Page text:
This month California voters passed Proposition 47, enacting new law that reduces common drug and theft crimes from potential felonies to misdemeanors. Crimes covered by the new law include simple drug possession and certain theft offenses when less than $950 is involved, including shoplifting, petty and grand theft, forgery, check fraud, and possession of stolen goods. The law is in effect NOW and is having a significant effect.
Who is covered by the new law? The law applies to future crimes and also retroactively, to persons currently serving a sentence in jail or prison, persons on felony probation and to persons who have already completed their sentence. The only persons who do not qualify are those with a prior conviction for a “super strike” (see Penal Code Section 667(e)(2)(C)(iv) – crimes like murder, aggravated sexual assault, and any serious or violent felony punishable by life imprisonment or death) and persons who are required to register as sex offenders pursuant to Penal Code Section 290(c).
How does the law work? A person who is currently serving a sentence for conviction of a felony, which would have been a misdemeanor under Prop 47, files a petition with the court for “recall of sentence” and the matter is brought before the court for a hearing. At the hearing, the Judge must resentence the person to a misdemeanor, unless the court finds that resentencing would “pose an unreasonable risk of danger to public safety.” If that person has already served the maximum sentence for a misdemeanor, they must be released. If a person on probation for a felony conviction is resentenced to a misdemeanor, that person will have their felony probation immediately terminated.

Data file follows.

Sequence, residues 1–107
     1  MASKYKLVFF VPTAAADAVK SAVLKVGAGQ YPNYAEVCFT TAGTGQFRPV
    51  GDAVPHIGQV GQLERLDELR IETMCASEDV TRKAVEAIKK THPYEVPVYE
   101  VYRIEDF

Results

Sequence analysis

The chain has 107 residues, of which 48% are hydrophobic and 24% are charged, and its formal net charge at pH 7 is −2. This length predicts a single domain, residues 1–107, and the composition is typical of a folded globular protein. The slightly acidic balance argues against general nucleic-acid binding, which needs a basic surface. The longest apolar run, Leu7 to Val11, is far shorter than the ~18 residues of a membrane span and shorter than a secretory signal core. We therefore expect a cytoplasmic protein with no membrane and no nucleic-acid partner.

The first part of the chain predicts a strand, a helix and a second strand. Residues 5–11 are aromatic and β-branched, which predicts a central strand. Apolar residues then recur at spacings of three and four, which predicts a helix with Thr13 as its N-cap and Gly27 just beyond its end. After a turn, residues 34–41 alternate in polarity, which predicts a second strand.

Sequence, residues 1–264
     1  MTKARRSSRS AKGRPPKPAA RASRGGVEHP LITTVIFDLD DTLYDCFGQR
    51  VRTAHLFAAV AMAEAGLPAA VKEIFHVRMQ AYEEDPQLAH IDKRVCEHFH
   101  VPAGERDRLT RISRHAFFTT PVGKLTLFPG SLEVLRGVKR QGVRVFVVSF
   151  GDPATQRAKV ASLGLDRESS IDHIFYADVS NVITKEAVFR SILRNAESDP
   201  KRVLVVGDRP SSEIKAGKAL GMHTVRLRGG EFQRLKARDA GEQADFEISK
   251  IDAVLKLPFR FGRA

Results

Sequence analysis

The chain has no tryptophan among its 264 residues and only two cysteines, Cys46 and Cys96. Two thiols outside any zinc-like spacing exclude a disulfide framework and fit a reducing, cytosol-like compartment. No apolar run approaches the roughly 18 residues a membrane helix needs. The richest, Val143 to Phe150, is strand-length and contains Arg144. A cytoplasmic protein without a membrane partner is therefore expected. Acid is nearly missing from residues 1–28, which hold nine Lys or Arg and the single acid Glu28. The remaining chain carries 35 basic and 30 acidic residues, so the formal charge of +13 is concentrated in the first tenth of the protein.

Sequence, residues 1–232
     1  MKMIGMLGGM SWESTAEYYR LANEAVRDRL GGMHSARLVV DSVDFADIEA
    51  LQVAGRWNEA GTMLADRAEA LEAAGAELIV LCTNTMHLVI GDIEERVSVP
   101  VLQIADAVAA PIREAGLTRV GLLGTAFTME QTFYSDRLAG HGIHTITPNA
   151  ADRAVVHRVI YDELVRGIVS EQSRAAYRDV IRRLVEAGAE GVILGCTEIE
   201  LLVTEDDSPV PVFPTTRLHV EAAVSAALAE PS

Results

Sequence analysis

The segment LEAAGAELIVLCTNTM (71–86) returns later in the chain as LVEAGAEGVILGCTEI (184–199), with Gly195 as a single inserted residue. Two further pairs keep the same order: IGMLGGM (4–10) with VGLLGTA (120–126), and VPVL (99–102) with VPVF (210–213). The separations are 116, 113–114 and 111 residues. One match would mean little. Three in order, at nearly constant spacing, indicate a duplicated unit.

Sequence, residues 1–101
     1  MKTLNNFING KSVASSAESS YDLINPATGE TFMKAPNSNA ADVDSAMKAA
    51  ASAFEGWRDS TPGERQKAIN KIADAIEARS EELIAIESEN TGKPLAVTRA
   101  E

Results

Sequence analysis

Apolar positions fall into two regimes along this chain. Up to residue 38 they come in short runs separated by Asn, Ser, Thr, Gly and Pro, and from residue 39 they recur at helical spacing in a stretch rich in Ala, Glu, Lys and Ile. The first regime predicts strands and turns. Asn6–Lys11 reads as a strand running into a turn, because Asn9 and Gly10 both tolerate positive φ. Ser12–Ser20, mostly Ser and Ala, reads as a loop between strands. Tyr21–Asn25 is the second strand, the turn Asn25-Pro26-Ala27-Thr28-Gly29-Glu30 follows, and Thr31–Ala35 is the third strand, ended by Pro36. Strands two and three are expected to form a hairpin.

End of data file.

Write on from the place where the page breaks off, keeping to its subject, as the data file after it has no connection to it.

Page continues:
If a person has already completed their felony sentence they may file an application to have the felony designated as a misdemeanor. No hearing is required. It should be noted that such resentencing does not permit the person to own a firearm, even though they are no longer a convicted felon.
Prop 47 passed with 59 percent of the vote. According to Lenore Anderson, chair of the initiative ballot committee, California voters “understand that the policies of the past have failed and that we cannot incarcerate our way to safety” by wasting costly prison space on nonviolent, non-serious offenses. The California Legislative Analyst’s Office estimates that Prop 47 will result in about 40,000 fewer charges resulting in incarceration per year. In terms of space in state prisons and county jails, that adds up to a lot of free beds, which also means a lot of money saved. The law provides that the savings will go to programs for drug treatment, schools and victim services. The majority of the funds, 65 percent, will go to programs aimed at supporting mental health and substance abuse treatment and diversion programs for people in the criminal justice system.
Of course, persons with felony convictions face serious obstacles when it comes to obtaining jobs, housing, financial aid for college and other forms of public assistance. Removing these barriers can significantly reduce recidivism rates, and keep future inmates out of the criminal justice system’s revolving door.
What should you do if you think you may be covered by the new law? If you think you may be covered by the provisions of Prop 47, you should immediately contact your lawyer, or the lawyer that represented you when you were convicted and seek their advice. You can also contact any experienced local criminal defense attorney to seek help in filing a petition or application to reduce your felony conviction to a misdemeanor.
If you have a question about the new law and how it may apply to you or a loved one, call Bay Area Criminal Defense Attorney and Oakland Criminal Defense Attorney Robbi A. Cook for a free consultation at (510)208-5051.